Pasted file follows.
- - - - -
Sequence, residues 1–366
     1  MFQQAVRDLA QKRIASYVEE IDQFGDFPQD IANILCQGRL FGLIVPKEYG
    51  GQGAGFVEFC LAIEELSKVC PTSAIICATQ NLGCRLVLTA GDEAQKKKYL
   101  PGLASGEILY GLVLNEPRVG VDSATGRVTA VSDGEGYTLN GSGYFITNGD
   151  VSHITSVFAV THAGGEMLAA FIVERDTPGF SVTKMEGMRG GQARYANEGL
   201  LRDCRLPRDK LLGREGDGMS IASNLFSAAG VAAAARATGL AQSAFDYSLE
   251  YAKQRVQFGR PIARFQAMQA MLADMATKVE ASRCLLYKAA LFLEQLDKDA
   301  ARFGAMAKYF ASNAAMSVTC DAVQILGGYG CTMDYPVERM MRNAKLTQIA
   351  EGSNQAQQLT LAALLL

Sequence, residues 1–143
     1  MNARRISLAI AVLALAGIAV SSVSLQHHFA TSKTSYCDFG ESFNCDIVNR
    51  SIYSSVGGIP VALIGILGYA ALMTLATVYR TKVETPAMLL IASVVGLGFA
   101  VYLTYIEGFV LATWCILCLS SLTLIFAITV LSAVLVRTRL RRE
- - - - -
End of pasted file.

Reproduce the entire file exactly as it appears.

Sequence, residues 1–366
     1  MFQQAVRDLA QKRIASYVEE IDQFGDFPQD IANILCQGRL FGLIVPKEYG
    51  GQGAGFVEFC LAIEELSKVC PTSAIICATQ NLGCRLVLTA GDEAQKKKYL
   101  PGLASGEILY GLVLNEPRVG VDSATGRVTA VSDGEGYTLN GSGYFITNGD
   151  VSHITSVFAV THAGGEMLAA FIVERDTPGF SVTKMEGMRG GQARYANEGL
   201  LRDCRLPRDK LLGREGDGMS IASNLFSAAG VAAAARATGL AQSAFDYSLE
   251  YAKQRVQFGR PIARFQAMQA MLADMATKVE ASRCLLYKAA LFLEQLDKDA
   301  ARFGAMAKYF ASNAAMSVTC DAVQILGGYG CTMDYPVERM MRNAKLTQIA
   351  EGSNQAQQLT LAALLL

Sequence, residues 1–143
     1  MNARRISLAI AVLALAGIAV SSVSLQHHFA TSKTSYCDFG ESFNCDIVNR
    51  SIYSSVGGIP VALIGILGYA ALMTLATVYR TKVETPAMLL IASVVGLGFA
   101  VYLTYIEGFV LATWCILCLS SLTLIFAITV LSAVLVRTRL RRE